Ofcom have taken the view that equipment can only be claimed for if it has more than 50% of its tuning range in the 700 MHz band. Ofcom’s provisional view is that most PMSE equipment that operates below 694 MHz is likely to have a sufficiently broad tuning range to cope with changes in interleaved spectrum access due to the repackaging of DTT. Ofcom also expects that equipment rendered unusable in a specific location below 694 MHz will have a resale value on the secondary market as it will still be usable in other areas of the country.
For equipment that straddles the 700 MHz band, Ofcom looked at the tuning ranges of equipment from the two largest PMSE equipment manufacturers by market share. They found that equipment which straddles the two bands either has only a few MHz in the 700 MHz band, or has more than 50% of its tuning range in the 700 MHz band. Equipment with only a few MHz of its tuning range in the 700 MHz band is likely to be substantially unaffected by clearance.
Please take time to download the consultation and comment if you are affected by these proposals.
Ofcom has released the proposed grant scheme to assist PMSE (Programme Makers and Special Events) equipment owners when the 700 MHz band is cleared in May 2020.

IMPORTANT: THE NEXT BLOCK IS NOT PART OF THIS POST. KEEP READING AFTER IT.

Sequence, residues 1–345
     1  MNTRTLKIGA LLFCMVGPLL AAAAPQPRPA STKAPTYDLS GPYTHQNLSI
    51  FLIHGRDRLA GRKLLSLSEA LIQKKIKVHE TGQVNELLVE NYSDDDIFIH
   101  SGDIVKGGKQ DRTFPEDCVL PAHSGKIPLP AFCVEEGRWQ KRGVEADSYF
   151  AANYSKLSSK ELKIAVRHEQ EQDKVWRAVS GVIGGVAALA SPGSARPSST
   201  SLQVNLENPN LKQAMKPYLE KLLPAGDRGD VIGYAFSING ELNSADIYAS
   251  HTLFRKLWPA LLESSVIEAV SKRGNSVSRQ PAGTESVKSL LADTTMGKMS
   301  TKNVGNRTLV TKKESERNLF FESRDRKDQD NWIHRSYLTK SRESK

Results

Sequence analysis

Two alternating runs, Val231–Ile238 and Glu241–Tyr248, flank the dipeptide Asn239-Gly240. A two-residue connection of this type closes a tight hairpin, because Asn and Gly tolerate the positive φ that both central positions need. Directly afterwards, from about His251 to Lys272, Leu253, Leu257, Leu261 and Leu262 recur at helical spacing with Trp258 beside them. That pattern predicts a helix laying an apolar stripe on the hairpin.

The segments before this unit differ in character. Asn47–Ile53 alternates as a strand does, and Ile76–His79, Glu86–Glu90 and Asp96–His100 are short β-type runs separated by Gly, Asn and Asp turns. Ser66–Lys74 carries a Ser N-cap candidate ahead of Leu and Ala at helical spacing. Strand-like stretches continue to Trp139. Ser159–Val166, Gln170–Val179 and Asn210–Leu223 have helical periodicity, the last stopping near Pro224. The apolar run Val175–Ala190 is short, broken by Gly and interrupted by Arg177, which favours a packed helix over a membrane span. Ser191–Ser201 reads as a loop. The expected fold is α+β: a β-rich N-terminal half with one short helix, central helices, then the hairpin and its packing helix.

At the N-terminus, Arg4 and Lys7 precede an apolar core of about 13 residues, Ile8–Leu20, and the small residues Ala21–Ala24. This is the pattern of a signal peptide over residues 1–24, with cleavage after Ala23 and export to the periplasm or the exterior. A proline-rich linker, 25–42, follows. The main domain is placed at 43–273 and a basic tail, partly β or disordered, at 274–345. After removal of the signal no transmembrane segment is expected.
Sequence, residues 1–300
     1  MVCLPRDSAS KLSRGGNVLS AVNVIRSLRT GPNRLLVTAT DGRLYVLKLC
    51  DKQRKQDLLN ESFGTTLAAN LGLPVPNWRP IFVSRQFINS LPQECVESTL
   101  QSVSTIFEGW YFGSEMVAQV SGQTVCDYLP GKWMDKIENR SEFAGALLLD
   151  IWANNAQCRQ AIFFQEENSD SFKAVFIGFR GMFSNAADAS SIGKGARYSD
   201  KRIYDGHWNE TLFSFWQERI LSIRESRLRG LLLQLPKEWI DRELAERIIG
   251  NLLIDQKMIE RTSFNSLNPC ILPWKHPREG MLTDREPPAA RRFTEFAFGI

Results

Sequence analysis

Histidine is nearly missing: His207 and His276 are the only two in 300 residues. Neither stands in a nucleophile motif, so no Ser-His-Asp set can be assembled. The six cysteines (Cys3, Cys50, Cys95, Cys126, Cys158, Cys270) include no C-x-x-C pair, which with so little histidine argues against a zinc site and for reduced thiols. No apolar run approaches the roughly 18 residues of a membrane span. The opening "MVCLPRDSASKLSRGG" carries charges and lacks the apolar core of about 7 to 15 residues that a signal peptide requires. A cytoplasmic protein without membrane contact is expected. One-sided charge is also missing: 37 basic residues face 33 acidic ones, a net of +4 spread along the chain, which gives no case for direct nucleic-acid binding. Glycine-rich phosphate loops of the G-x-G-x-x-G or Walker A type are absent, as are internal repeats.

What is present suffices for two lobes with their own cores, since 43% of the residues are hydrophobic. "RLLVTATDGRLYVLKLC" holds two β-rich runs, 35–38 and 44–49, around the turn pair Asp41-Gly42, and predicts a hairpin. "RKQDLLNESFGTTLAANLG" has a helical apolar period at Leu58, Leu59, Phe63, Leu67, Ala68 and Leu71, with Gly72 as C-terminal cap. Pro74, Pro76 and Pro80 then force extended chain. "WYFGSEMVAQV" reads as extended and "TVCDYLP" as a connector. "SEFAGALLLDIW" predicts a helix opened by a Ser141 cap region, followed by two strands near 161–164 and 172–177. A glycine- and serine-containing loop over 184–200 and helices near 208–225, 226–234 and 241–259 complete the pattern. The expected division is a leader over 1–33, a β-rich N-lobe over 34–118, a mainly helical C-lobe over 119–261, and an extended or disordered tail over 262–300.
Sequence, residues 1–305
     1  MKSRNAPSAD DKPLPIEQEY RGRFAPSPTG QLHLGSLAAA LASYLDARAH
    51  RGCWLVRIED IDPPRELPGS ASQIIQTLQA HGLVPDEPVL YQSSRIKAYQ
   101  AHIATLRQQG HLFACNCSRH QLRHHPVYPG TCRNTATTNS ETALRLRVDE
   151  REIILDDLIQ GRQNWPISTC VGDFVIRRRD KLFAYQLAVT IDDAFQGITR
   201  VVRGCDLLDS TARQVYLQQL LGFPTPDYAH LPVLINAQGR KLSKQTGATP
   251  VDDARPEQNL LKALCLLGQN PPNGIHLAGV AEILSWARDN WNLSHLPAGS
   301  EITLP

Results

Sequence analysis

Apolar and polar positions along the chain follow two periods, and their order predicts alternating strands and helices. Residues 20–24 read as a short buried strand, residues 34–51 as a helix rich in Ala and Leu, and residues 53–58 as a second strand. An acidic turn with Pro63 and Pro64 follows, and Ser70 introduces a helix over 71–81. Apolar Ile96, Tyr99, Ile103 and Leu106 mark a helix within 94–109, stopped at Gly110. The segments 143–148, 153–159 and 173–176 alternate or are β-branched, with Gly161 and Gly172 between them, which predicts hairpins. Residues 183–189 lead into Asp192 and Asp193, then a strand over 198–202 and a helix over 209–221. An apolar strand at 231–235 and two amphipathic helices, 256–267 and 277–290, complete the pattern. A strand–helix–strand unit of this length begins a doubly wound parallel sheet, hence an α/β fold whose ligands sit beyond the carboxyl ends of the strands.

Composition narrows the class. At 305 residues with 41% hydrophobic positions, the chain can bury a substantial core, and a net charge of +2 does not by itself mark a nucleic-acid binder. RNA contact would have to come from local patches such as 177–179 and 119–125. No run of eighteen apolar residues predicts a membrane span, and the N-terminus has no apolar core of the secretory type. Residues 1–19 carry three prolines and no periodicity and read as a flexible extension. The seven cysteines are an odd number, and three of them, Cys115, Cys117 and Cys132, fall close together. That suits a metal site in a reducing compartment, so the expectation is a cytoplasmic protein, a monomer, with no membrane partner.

Ofcom’s statement sets out two decisions, they are:
- Ofcom will work to accelerate the 700 MHz clearance programme by 18 months and release the band in Q2 2020.
- The Centre Gap will be allocated for use by mobile downlink at the same time as the 700 MHz paired spectrum. Unless there is slower mobile uptake of the newly available spectrum than expected, DTT will have access to the Centre Gap until 1 May 2020.
Implications for the PMSE industry
Ofcom does not agree that the acceleration of the clearance will present a shortage of spectrum as they expect that manufacturers will have produced equipment that operates in the 960-1164 MHz band by Q2 2020:
“We are aware that a major wireless microphone manufacturer and a major PMSE stakeholder are currently testing prototype equipment in the 960-1164 MHz band. We understand that these tests are progressing well to date and suggest that there are no major technical hurdles which would prevent equipment operating in this band from being on the market in advance of an accelerated clearance.
We recognise that acceleration will mean there is less time for users to test equipment before they need to bring it into regular use. However, we consider that even under this accelerated timeline there should be time for users to test their new equipment sufficiently. We note that to date the tests have not provided any evidence that equipment in the 960-1164 MHz band will operate in a fundamentally different way from equipment in the 700 MHz band. For example, the tests show that the 960- 1164 MHz band has broadly similar propagation characteristics to the 700 MHz band. We therefore do not agree that there is a major risk of additional disruption when theatres and other PMSE users start to bring this equipment into use.”
Notice to PMSE users and funding for PMSE equipment changes